One Last Kill (2005) – By Timothy Martinez

 Cable access television. The name conjures up visions of low budget productions shot in someone’s garage a la the famous Wayne’s World skits on Saturday Night Live. Other things that may spring to mind are woefully unfunny comedy shows, roundtable discussion platforms for every group imaginable from Atheists to Young Republicans to Atheists who hate Young Republicans as well as every other hate group one can think of…and of course, porn. These are things that may spring to your mind, but I wouldn’t know. The public access in my area only seems to show boring crap like civic meetings at city hall to discuss the placement of new stop signs throughout the area. In other words: Zzzzzzz. If something like the events portrayed in One Last Kill were to make the airwaves in my region, it would be seen as a distinct improvement (though maybe slightly less violent than those shouting matches that occur at city hall).

The cable access program in One Last Kill is yet another one of those aforementioned roundtables, this time chaired by a psychologist and featuring two others in his field of study. The chairman is an enormous jerk, dismissing the thoughts and ideas of the others and obviously more concerned with how he looks on TV and what the show will do for his image and career. The subject they are discussing is Curtis Starks (played by the film’s writer and director Rusty Williams), a death row inmate that was scheduled to be executed a short while before the program was to air. Before his death, Curtis was given the opportunity to explain his actions to the world and get everything off his chest. To this end he was placed alone in a room with a video camera in order to document his final thoughts.

The film spends it’s first portion alternating between footage of Curtis’ recording and the three psychologists, who discuss what Curtis says in these moments. The chairman is of course, dismissive of the ideas brought by the other two, but especially of the one who actually knew Curtis and worked with him. The recording takes an unexpected turn towards the end and just as the three are discussing what appears to be Curtis’ final moments, he appears from a hiding place, having faked his demise. He now takes control of the situation, the three psychologists and the lone cameraman now locked within a sealed room with him. He has a few things he wants to say to them and more importantly, games he wants them to engage in. The tables have been turned on those who thought they knew it all and more than one secret will see the light of day.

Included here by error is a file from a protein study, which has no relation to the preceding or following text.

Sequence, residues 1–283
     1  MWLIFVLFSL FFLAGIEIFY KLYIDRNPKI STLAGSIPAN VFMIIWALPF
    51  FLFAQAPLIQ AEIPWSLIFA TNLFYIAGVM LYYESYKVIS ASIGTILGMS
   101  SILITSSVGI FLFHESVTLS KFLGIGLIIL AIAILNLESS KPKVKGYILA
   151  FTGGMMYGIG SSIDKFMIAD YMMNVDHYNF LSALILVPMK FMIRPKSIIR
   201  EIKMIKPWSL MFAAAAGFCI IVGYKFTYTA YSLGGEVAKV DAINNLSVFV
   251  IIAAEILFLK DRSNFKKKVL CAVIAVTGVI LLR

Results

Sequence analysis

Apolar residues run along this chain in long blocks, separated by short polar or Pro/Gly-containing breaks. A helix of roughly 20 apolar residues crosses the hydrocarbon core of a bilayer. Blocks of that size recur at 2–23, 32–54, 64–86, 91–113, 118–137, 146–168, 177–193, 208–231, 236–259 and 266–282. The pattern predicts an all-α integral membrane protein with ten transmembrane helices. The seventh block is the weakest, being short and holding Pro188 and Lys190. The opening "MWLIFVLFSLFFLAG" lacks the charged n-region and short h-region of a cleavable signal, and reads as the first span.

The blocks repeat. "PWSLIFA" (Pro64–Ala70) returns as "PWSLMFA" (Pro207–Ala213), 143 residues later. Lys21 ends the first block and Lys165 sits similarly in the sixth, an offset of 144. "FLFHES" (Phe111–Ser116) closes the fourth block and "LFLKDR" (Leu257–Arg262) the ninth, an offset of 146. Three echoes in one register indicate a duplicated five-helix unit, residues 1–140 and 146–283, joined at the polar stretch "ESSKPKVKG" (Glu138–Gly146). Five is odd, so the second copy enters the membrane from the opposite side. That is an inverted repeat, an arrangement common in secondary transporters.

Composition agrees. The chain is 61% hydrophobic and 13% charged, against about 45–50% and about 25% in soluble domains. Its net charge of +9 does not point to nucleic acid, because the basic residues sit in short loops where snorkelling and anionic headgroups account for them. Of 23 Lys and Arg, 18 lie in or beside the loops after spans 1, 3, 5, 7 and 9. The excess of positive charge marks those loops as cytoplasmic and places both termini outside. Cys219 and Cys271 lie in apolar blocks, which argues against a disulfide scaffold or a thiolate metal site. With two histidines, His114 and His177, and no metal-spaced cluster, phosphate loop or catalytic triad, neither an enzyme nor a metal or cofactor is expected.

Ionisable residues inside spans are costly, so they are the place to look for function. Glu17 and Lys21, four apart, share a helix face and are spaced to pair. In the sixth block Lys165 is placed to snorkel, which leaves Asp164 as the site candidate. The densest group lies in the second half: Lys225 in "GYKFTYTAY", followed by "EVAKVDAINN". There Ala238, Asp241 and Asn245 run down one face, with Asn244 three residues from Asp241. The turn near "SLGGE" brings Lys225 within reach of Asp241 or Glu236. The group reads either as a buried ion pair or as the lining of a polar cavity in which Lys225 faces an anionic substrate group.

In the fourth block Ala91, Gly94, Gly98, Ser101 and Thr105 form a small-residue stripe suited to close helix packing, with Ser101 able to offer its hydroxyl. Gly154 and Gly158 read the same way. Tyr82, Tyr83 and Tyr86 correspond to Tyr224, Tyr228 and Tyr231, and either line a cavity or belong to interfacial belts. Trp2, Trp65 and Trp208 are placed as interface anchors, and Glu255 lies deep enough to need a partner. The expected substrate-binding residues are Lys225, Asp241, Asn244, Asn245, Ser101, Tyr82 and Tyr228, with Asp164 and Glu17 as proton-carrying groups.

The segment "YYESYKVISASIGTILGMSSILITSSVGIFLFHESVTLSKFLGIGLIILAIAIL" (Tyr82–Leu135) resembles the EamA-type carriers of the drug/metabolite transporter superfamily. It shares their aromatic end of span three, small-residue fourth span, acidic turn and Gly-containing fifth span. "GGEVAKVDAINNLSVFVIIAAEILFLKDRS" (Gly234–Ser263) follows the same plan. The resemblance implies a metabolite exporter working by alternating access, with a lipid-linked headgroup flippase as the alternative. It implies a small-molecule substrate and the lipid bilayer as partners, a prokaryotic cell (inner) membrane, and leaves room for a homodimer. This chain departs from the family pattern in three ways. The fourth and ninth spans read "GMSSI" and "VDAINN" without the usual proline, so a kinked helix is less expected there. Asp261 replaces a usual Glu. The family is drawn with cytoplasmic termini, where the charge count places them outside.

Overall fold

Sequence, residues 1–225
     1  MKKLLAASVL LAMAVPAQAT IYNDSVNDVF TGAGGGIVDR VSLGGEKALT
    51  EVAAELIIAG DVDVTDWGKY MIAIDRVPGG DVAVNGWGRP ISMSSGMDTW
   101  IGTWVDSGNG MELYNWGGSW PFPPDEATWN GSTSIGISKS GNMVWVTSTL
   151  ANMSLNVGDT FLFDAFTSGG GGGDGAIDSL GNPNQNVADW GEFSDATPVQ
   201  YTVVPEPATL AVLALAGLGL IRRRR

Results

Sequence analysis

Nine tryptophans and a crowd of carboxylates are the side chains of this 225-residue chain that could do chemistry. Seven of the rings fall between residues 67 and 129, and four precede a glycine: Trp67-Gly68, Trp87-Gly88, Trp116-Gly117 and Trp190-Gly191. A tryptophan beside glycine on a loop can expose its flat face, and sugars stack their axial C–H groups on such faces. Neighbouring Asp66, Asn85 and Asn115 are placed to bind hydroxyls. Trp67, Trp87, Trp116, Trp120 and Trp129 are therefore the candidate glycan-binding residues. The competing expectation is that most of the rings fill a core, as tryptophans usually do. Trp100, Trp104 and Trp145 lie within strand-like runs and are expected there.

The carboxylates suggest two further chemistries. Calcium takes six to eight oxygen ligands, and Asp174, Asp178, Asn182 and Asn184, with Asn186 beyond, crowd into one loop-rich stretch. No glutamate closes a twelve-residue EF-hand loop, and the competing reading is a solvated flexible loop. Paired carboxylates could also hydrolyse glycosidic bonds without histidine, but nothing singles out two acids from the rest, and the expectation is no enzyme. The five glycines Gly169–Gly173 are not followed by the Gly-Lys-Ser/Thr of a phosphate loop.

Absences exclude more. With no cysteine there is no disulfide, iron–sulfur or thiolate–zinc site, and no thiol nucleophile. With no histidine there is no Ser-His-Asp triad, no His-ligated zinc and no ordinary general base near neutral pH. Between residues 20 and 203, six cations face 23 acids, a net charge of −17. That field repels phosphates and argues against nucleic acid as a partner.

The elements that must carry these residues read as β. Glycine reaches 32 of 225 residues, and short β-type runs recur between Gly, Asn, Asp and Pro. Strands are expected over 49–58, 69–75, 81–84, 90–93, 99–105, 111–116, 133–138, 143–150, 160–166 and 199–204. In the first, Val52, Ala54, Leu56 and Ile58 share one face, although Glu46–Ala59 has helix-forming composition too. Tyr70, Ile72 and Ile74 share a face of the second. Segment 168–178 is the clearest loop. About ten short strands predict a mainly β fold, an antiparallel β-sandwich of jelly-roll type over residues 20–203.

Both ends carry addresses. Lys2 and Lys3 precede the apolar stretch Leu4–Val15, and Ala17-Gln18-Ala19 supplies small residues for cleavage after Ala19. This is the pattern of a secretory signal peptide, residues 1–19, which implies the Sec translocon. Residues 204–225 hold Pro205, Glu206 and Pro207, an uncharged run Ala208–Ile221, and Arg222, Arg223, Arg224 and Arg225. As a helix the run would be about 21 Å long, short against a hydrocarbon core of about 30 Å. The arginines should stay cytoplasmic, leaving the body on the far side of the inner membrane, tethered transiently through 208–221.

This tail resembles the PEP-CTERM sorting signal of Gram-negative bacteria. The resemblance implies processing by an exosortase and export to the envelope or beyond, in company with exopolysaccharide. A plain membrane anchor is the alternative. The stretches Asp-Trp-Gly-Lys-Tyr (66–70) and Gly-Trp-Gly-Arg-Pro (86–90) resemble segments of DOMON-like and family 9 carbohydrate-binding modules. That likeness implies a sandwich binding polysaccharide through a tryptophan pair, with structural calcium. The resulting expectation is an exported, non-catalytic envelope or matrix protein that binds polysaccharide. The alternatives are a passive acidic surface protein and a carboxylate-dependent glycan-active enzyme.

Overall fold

Apparently shot on single set and with a running time of one hundred minutes, One Last Kill might ordinarily sound like the type of film to skip, but I must say that my interest was firmly maintained throughout the entire length of the film. This very much is due to the strong writing and performances. Without interesting characters, believable dialogue and more importantly, an engaging narrative, any film is going to quickly become an insomnia cure. Not here. Yes, the film has a low budget, but the people really come to life within. This is no more true that the main character of Curtis Starks himself. I must congratulate writer/director/star Williams of pulling off some great writing as well as a frightening performance as Starks – a killer that is definitely different from the norm. Here Starks admits to what he does. In fact, honesty is a very important character trait in his eyes and it will come into play during the film’s second half when he runs the others through his hoops. Starks doesn’t try to excuse his actions and this openness, coupled with his anger issues makes him both a sympathetic character as well as one to be feared.

The film unfolds quite skillfully and any apparent plot holes are dealt with and explained in a satisfactory manner. The cable access setting and sparse set design most assuredly adds to the realism, and one could easily imagine themselves viewing these events on their own TV. The ending will be seen ahead of time by the more alert and attentive viewers, but this in no way diminishes the impact. Indeed, this film is all about the ride and not the destination. The journey is where we learn our lessons in life and Curtis Starks has a few lessons he wants to impart before this particular ride is over.

To learn more about the film and/or to order a copy for yourself, be sure to visit the film’s official website at